News / Africa

    Families of Missing Kenyan Soldiers Still Awaiting Official Information

    Military pallbearers stand to attention next to the coffins of four Kenyan soldiers who were killed in Somalia, at a ceremony to receive their bodies which were airlifted to Wilson Airport in Nairobi, Kenya Monday, Jan. 18, 2016.
    Military pallbearers stand to attention next to the coffins of four Kenyan soldiers who were killed in Somalia, at a ceremony to receive their bodies which were airlifted to Wilson Airport in Nairobi, Kenya Monday, Jan. 18, 2016.
    Jill Craig

    Kenyan President Uhuru Kenyatta has expressed condolences to victims of the recent attack by al-Shabab militants on a Kenyan military installation in Somalia.  A number of soldiers remain unaccounted for.

    During a ceremony at Nairobi’s Armed Forces Memorial Hospital Friday, Kenyatta expressed condolences and gratitude to the soldiers and families of soldiers who were killed, injured, and missing as a result of the attack on Kenya’s base in El Adde, Somalia.

    “We owe our young soldiers a debt of gratitude, one we can scarcely begin to repay; but, we shall honor them and honor them we will,” Kenyatta said.
     
    Many of the families are still awaiting word about their loved ones, since the government has not released official numbers and many of the troops' whereabouts continues to remain unknown.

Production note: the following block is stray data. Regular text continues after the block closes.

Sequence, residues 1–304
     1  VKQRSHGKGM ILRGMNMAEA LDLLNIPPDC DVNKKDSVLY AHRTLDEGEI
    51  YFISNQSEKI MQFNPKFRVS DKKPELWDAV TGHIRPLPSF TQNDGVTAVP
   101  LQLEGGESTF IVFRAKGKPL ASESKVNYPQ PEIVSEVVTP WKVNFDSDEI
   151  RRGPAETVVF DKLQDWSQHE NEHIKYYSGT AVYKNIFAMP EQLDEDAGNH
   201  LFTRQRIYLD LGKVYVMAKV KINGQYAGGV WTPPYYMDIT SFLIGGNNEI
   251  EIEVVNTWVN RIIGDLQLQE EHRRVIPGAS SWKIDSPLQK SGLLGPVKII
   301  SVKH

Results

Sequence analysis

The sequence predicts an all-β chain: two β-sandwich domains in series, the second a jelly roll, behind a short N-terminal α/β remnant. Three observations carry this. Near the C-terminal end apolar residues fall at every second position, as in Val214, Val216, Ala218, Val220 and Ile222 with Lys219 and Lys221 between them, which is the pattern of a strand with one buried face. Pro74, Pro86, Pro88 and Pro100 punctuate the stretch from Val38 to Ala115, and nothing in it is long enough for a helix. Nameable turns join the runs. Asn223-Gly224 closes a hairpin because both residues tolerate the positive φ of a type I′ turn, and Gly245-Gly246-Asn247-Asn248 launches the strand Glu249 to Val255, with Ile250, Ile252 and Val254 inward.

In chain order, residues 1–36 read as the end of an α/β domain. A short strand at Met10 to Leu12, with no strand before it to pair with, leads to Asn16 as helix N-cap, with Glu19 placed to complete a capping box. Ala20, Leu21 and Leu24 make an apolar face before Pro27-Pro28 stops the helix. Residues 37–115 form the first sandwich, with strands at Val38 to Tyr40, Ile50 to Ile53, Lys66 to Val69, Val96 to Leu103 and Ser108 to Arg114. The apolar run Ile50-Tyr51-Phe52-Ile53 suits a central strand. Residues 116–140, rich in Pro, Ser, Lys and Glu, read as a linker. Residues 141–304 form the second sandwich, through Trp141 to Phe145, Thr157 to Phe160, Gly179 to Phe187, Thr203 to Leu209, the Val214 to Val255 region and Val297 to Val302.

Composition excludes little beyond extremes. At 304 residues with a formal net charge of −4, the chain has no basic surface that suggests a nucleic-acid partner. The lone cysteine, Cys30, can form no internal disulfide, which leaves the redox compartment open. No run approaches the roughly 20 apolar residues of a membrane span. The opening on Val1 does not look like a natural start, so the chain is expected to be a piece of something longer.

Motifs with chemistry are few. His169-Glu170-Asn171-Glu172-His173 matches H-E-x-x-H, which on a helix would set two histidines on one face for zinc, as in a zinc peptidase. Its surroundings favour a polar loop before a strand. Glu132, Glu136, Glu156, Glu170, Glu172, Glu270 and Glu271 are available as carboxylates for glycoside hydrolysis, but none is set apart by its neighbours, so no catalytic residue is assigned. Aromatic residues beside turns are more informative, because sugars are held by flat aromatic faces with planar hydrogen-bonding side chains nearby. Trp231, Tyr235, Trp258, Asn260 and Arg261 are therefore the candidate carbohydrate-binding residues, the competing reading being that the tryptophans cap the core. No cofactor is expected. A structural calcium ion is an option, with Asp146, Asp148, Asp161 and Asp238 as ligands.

Kosgei Lelmokwo is among those waiting to find out what happened to his brother Abraham, whom he says has been in the army for 25 years; but, Lelmokwo is urging patience for others in his situation.

    He says the families who are affected by this crisis just have to wait and be patient for the government to finish its verification process.  The government hasn’t yet released the final list of the dead, missing, and those who were rescued, he says.

    Ephraim Madula Anjere’s son, Stephen, joined the Kenya Defense Forces in 2010.  After previous deployments to Somalia and northeastern Kenya, he was sent to El Adde just two weeks ago.
     
    Anjere disagrees with Lelmokwo, saying the government needs to provide the families with timely information.

    “At least, what the government should tell us, first, they could have visited the affected families, talk to the affected families, do counseling and guiding, and then tell us to be patient as they do the search, instead of leaving us in darkness; because this is the thing that has traumatized many families, they need counseling and guiding," Anjere said.
     
    During Friday’s ceremony, President Kenyatta said Kenya’s Defense Forces will remain in Somalia.

    “We are [at] war with extremists, we are at war with terrorists, we are [at] war with fanatics, and this has to be a war that we must win," Kenyatta said. "Despite the adversity, we remain unbowed and resolved to build a strong, prosperous and secure nation.”
     
    Kenyan troops working with the African Union have battled al-Shabab militants inside Somalia since October 2011.

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